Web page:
Mining tax massive fail

The Federal Government has raised zero revenue in the first three months of the mining tax.

The Federal Government has raised zero revenue in the first three months of the mining tax.

Major miners, BHP Billiton, Rio Tinto and Xstrata have no liabilities under the minerals resource rent tax (MRRT) and the government did not receive any revenue by Monday’s payment deadline, The Herald reported.

A high Australian dollar, lower commodity prices and falling mining profits means the tax payments the government was banking on from the three miners will be much lower than the 90 per cent expected.

It was estimated that BHP and Rio alone would provide between $1 billion and $1.5 billion in MRRT payments in 2012-13.

Earlier this week the government cut MRRT revenue predictions from $3.7 billion to $2 billion for the 2012-13 financial year.

A spokeswoman for BHP told The Australian: "The MRRT is a profits-based tax; the level of company liability for it will naturally vary each year.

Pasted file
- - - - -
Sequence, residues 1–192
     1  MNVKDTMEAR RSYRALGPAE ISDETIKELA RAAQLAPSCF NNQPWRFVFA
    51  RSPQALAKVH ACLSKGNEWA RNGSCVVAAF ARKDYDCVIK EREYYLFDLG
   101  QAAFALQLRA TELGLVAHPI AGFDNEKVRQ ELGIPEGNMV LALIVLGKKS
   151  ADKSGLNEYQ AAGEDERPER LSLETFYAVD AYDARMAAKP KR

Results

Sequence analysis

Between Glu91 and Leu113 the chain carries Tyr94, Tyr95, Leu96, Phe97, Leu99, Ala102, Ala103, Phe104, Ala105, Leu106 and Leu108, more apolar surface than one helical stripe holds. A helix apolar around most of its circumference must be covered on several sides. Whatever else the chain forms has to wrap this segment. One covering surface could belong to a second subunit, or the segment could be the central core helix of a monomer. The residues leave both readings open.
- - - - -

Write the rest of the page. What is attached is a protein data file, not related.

"In working out what MRRT we are liable for in any year, there are a number of variable components . . . The structure of the MRRT is exactly the same since it was announced in 2010 and it was then that Treasury forecasts were made about likely MRRT receipts."

SMH reported that Shadow Treasurer Joe Hockey told reporters in Sydney that the tax was a failure.

"I have never heard of a tax that doesn't raise a dollar," he said. "This is a new benchmark in public policy."

However, Labor played down the lack of revenue.

"It was never projected to raise (revenue) in the early part … because these mining companies are making massive infrastructure investments, which are tax deductable," Mr Crean told the Nine Network.

"Arguing that this is a failure based on the first three months is just ludicrous."

Mr Crean said the surplus would "absolutely" be delivered as promised.

Australian Mining reported last year that doubts are being raised over the Gillard government’s expectations of revenue it would collect from mining taxes paid by Australia’s three biggest resource companies.

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